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Ministry of Labour inspectors (left), pour over the collapsed stage at Downsview park that killed one man when it partially fell down prior to a Radiohead concert, June 17, 2012. (J.P. Moczulski for The Globe and Mail) (J.P. MOCZULSKI)
Ministry of Labour inspectors (left), pour over the collapsed stage at Downsview park that killed one man when it partially fell down prior to a Radiohead concert, June 17, 2012. (J.P. Moczulski for The Globe and Mail) (J.P. MOCZULSKI)

13 charges laid in collapse of Toronto stage that killed one Add to ...

After a year of investigation, charges have been laid in connection with the collapse of an outdoor stage last summer that killed a man just hours before Radiohead was to play in front of 40,000 people at Downsview Park.

Live Nation Canada, Live Nation Ontario and Optex Staging and Services have each received four charges in connection with the collapse, related to a failure to ensure the stage’s structural integrity. Engineer Domenic Cugliari, of Bolton, Ont., was charged with endangering a worker as a result of negligence.

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British experimental rock band Radiohead was scheduled to play the Downsview stage on June 16 last year when the stage crashed down at about 4 p.m. The venue had not yet opened to the concertgoers at the time of the top portion of the stage fell, injuring three of the band’s crew and crushing 33-year-old drum technician Scott Johnson of South Yorkshire, England.

The collapse was sudden and unexpected; unlike previous stage collapses in Ottawa and Alberta during windy storms, the weather that day was fine.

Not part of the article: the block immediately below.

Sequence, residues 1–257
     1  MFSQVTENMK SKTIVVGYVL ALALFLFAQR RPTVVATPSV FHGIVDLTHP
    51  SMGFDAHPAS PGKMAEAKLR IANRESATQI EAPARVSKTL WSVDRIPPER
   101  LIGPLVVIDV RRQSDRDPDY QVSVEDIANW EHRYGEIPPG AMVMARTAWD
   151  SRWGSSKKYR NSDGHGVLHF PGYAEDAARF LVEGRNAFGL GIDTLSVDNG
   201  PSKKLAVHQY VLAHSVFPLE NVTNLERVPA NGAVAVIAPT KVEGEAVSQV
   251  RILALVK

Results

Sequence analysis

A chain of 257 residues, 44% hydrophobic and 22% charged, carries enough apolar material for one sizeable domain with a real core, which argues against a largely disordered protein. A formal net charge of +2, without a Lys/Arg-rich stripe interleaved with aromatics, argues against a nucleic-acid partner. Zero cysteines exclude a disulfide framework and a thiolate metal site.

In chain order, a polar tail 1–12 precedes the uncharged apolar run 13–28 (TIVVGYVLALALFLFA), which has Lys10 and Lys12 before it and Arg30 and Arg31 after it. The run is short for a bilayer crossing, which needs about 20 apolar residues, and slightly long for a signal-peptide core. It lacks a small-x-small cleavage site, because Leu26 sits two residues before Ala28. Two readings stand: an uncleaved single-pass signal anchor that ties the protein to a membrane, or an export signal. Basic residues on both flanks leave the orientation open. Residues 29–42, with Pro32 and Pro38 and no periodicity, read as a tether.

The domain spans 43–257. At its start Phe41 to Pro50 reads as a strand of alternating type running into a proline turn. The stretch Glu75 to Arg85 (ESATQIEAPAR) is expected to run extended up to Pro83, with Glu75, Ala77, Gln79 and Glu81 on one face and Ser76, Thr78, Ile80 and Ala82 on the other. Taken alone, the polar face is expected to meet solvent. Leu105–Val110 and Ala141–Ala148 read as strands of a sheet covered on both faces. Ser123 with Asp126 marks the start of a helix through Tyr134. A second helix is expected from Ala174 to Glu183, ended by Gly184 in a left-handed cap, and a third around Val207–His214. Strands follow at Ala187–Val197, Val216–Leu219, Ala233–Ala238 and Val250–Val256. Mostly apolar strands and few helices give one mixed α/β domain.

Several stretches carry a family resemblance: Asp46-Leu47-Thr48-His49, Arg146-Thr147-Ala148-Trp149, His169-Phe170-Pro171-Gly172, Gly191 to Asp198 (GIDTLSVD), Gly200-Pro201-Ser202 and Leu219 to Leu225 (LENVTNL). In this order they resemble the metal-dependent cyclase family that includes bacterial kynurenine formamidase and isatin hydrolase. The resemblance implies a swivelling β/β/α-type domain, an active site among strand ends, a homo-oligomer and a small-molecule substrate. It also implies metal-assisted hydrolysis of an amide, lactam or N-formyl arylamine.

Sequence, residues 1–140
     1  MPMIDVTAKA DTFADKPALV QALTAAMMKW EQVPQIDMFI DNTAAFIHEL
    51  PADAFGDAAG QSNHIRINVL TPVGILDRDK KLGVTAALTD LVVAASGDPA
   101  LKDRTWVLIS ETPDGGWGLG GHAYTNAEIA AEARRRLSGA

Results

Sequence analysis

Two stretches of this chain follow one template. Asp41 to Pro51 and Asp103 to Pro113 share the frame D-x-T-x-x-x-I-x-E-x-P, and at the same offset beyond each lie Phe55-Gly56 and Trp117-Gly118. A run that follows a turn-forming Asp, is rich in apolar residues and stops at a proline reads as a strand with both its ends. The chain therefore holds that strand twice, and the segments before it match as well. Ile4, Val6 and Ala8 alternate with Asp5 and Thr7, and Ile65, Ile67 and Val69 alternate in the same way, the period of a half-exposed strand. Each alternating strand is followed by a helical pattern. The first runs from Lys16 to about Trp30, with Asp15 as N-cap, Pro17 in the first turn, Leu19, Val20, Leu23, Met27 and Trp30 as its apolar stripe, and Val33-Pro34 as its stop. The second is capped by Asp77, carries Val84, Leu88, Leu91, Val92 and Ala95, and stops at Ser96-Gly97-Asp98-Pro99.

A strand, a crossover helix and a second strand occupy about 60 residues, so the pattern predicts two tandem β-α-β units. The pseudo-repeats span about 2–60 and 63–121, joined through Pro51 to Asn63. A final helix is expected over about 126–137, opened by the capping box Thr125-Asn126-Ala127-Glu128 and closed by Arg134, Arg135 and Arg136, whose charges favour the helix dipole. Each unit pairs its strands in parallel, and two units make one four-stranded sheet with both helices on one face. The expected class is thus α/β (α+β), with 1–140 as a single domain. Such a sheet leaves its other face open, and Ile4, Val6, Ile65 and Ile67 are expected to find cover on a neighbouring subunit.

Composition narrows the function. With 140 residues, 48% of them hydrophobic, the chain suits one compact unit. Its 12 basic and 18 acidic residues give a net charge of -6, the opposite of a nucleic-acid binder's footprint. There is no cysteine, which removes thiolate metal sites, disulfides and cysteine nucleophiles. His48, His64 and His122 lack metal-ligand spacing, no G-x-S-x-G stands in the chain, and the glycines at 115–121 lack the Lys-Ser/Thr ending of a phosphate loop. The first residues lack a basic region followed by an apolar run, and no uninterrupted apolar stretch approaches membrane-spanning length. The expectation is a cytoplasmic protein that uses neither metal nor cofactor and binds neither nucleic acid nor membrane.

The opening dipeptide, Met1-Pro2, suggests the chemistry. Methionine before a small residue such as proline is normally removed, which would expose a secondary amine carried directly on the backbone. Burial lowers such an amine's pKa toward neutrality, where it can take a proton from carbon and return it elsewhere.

“It was a very complex investigation,” said Ontario Labour ministry spokesperson Matt Blajer.

Radiohead’s touring company, Ticker Tape Touring LLP, was among the parties the Labour Ministry originally requested documents from in the early part of the investigation, but was not charged. The company Mr. Cugliari works for, CCI Group – previously called Construction Control Inc. – was also among them, and also was not charged.

When reached for comment, Mr. Cugliari hung up the phone.

The Live Nation companies dispute the charges.

“We absolutely maintain that Live Nation and our employees did everything possible to ensure the safety of anyone who was on or near the stage involved in the tragic incident that led to the unfortunate death of Mr. Scott Johnson,” Live Nation spokesperson Jacqueline Peterson wrote in an e-mailed statement.

She said Live Nation is starting this year’s concert season with a new staging contractor, and that safety and security at their concerts is “of utmost importance.”

Phone calls and e-mails to Optex Staging and Services were not returned by publication time.

Radiohead’s spokesperson could not be reached for comment, but drummer Phil Selway wrote on their website soon after the collapse that the band was “shattered” by Mr. Johnson’s death, calling him “a lovely man, always positive, supportive and funny.”

They postponed European tour dates after the collapse as they dealt with the “grief and shock ensuing from this terrible accident.” In August, the band helped start a bursary fund for young musicians in Mr. Johnson’s name.

A first court appearance is scheduled for June 27 at the Ontario Court of Justice in Toronto.

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